Like many other local governments, Stanislaus County is facing some difficult budgeting decisions because of a weak economy and the state budget crisis, county supervisors were told Tuesday.
The county needs to find $5.9 million in savings to maintain a healthy general fund balance this fiscal year, according to Patty Hill Thomas, the county's chief operations officer. A shortfall of $14.3 million is expected next year. The general fund budget for this fiscal year is $279 million.
Hill Thomas offered a number of options to boost the general fund balance, including a 3 percent reduction for all county programs paid for through the general fund. The supervisors directed Rick Robinson, county chief executive officer, to come up with a strategy for this fiscal year and next year.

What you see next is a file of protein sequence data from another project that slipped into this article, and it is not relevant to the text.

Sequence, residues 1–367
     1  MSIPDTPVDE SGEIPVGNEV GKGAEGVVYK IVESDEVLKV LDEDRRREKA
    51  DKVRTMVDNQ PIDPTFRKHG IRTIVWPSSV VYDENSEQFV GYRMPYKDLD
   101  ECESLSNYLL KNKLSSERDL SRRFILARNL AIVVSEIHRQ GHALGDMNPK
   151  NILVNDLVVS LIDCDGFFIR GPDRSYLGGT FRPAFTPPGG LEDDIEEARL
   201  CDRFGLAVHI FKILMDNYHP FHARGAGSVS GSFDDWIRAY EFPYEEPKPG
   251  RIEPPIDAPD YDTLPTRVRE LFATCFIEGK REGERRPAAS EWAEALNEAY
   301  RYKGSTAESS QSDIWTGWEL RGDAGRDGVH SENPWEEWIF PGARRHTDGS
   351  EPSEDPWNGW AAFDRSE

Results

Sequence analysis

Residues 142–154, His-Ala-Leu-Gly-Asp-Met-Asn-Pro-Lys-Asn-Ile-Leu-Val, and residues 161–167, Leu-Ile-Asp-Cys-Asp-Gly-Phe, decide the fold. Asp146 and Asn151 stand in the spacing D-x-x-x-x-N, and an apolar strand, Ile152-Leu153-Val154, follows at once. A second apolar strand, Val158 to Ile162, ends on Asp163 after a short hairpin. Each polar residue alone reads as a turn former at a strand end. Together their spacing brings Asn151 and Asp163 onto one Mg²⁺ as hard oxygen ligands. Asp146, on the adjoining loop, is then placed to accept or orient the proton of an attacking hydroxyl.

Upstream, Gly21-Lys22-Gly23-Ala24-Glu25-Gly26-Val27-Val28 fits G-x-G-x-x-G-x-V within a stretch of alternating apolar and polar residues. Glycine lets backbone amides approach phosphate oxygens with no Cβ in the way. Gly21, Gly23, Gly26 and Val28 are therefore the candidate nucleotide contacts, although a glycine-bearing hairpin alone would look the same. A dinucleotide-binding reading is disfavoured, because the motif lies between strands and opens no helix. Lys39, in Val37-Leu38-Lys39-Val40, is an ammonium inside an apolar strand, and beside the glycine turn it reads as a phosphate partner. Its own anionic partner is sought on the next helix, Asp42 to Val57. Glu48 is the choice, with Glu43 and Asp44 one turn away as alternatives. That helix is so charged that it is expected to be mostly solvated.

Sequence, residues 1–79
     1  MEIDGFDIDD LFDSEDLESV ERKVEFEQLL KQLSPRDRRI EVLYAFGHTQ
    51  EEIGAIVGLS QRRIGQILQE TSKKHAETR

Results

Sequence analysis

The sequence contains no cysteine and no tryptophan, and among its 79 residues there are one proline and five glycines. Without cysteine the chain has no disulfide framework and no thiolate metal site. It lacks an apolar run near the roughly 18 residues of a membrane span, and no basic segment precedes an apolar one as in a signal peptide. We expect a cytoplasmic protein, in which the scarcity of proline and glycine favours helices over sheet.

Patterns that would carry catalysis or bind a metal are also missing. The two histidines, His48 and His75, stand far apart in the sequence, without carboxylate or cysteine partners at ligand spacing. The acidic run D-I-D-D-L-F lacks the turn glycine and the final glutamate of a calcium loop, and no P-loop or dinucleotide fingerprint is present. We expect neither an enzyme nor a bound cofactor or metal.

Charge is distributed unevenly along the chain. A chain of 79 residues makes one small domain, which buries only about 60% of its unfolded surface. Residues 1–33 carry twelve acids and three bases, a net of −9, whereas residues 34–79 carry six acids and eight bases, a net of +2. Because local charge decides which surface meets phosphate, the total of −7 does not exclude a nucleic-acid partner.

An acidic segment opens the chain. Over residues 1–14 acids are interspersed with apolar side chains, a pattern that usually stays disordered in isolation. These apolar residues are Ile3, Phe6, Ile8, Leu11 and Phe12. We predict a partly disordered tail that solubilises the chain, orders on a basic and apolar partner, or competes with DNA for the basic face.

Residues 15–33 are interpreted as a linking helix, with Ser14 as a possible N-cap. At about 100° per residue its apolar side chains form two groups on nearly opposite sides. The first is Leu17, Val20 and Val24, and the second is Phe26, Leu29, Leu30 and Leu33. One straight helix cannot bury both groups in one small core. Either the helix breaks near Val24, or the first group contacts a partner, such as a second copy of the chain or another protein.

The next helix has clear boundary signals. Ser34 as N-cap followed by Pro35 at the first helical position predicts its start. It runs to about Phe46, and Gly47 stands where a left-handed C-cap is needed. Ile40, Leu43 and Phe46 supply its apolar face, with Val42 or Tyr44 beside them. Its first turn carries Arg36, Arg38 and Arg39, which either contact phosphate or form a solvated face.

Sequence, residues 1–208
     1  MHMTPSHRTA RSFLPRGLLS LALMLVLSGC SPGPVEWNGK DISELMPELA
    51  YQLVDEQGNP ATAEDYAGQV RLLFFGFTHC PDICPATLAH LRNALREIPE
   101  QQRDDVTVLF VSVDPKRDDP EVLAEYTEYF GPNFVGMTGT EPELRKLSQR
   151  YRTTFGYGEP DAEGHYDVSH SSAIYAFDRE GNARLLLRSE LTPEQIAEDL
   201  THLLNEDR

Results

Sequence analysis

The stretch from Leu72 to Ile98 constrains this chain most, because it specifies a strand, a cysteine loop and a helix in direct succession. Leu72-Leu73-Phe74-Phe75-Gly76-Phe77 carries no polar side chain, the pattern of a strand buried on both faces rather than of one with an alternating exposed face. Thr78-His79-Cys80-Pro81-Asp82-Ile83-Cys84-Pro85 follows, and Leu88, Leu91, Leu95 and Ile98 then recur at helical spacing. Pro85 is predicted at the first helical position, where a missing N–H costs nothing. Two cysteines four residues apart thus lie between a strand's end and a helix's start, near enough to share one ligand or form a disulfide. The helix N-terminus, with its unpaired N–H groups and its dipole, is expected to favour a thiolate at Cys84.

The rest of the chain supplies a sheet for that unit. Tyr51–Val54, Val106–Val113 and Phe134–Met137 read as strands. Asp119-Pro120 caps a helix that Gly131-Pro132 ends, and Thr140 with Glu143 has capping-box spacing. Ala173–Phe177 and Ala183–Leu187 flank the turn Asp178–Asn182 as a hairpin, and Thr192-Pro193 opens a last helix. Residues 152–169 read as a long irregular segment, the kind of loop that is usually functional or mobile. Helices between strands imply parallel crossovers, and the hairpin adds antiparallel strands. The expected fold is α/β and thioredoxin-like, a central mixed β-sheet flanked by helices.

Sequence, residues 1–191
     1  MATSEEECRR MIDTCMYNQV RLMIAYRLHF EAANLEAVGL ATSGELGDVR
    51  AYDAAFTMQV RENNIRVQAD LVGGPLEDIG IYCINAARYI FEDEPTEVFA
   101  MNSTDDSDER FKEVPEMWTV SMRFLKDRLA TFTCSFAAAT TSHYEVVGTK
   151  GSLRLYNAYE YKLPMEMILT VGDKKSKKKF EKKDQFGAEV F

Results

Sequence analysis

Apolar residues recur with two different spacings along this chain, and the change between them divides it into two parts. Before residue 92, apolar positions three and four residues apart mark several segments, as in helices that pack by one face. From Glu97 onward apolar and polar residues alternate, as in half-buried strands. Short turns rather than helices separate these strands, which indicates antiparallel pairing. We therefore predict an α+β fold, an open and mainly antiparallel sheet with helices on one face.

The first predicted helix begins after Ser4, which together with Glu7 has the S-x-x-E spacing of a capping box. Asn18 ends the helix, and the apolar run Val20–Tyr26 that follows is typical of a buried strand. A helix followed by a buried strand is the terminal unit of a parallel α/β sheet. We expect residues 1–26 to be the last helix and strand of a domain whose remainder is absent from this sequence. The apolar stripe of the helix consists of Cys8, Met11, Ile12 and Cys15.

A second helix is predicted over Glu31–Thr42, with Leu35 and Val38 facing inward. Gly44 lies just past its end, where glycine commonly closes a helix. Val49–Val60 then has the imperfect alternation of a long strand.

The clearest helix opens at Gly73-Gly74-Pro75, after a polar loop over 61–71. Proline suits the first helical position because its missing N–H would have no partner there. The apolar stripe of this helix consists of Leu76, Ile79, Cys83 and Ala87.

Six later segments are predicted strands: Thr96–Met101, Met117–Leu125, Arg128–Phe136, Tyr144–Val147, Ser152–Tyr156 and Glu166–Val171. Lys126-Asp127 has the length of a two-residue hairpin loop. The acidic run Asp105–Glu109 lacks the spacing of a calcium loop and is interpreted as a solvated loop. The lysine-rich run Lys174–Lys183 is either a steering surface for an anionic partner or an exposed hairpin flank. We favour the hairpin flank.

Shortfalls in funding that comes through the state are likely to be larger, Hill Thomas said. Funding for health and welfare and other state-mandated programs are likely to drop about $17.5 million, she said.
About 47 percent of the county's $945.7 million budget is dedicated to health and welfare programs funded by the federal and state governments.
"We do have some very difficult budget times ahead," Robinson said. He blamed the slowdown in the economy, fueled by soaring home foreclosures and the state's projected $16 billion deficit.
Bee staff writer Tim Moran can be reached at firstname.lastname@example.org or 578-2349.